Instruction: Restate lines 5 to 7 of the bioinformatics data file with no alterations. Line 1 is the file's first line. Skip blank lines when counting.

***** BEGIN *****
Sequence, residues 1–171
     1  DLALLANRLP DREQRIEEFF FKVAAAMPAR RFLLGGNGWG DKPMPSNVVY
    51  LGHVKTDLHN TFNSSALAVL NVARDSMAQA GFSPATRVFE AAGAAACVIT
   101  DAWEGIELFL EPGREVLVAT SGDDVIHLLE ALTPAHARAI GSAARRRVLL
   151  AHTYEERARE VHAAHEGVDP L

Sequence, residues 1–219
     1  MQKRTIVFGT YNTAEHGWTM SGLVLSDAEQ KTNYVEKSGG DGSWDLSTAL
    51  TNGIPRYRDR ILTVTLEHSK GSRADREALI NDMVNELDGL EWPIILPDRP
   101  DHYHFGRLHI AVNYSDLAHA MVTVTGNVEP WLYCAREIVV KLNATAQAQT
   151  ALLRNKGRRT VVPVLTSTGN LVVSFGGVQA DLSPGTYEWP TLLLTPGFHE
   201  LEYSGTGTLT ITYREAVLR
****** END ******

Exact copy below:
   151  AHTYEERARE VHAAHEGVDP L

Sequence, residues 1–219
     1  MQKRTIVFGT YNTAEHGWTM SGLVLSDAEQ KTNYVEKSGG DGSWDLSTAL